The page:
Companies Use Online Communities to Grow

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To determine how the site should be redesigned to suit users’ needs, ACS worked with Cambridge, Mass.-based systems integrator Sapient. Members of the two organizations virtually lived with cancer patients for a week to learn about their lives, the information they needed and the support they sought. Based on that experience, they drew up scenarios illustrating why a person visits Cancer.org and how they move through the site. For example, they determined that Joe?a hypothetical individual recently diagnosed with prostate cancer?would first come to Cancer.org looking for basic information about the disease and treatment, so ACS put those links on the homepage. He might then be interested in finding out about support groups near where he lives, so ACS put a search function on the homepage where Joe could enter his ZIP code and find out about events in his community. Joe can also find out about support services when he links to general information on prostate cancer. Eventually, Joe will want to know what questions he should ask his doctor, or what he should be monitoring during his treatment. ACS decided that it was best for him to get this advice from fellow patients and survivors, so it put links to chat rooms and bulletin boards both on its homepage and on pages with information on the disease.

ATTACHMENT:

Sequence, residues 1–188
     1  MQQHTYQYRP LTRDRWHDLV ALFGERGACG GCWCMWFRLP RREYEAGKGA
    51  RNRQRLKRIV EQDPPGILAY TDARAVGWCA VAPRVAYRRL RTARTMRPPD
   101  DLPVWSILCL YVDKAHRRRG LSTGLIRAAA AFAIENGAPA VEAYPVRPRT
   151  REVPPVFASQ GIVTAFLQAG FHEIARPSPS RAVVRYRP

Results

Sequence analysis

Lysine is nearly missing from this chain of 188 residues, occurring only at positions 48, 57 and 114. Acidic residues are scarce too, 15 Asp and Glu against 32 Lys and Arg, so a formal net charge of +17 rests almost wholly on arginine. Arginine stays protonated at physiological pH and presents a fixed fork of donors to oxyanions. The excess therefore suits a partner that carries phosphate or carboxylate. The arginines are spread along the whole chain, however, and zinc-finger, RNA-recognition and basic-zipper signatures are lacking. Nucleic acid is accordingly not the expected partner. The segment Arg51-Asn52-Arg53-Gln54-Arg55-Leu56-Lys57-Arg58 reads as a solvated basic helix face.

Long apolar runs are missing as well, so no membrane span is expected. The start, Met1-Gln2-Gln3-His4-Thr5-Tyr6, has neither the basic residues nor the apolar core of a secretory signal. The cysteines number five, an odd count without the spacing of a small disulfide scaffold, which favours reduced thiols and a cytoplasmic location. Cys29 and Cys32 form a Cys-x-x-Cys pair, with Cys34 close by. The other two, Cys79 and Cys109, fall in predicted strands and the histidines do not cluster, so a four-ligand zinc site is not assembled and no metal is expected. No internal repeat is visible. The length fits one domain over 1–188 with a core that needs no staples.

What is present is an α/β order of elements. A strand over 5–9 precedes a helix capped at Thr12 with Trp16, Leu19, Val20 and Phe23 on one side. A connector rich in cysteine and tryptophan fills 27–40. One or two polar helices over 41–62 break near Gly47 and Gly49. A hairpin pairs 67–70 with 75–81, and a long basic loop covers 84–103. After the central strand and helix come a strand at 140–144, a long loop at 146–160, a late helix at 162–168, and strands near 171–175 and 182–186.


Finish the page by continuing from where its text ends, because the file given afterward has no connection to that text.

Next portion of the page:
Even before the redesign, the ACS chat rooms and message boards were immensely popular, accounting for 27 percent of the traffic to the site, according to Miller. Eighteen percent of the user population was active in discussions on an ongoing basis, he says. (As CIO went to print, Miller was still configuring the site’s reporting software and didn’t have usage numbers for the community forums on the new site.)

ACS’s community-building also has a bottom-line component. Miller says creating a sense of community among ACS’s constituents helps the organization grow its relationships with them. "If someone comes to us and is interested in volunteering, we want to convert them into someone who also donates. If someone comes to us looking for general health information, we want to convert them to somebody who volunteers for us," he says.

Offering a sense of community also ties people to ACS and its mission. Miller says ACS’s constituents have a sense of loyalty to the organization because they’re a part of the website’s community. "For a nonprofit, that means you’re always going to be at the top of a person’s mind when they start thinking about donations," he says.

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Copyright © 2001 IDG Communications, Inc.

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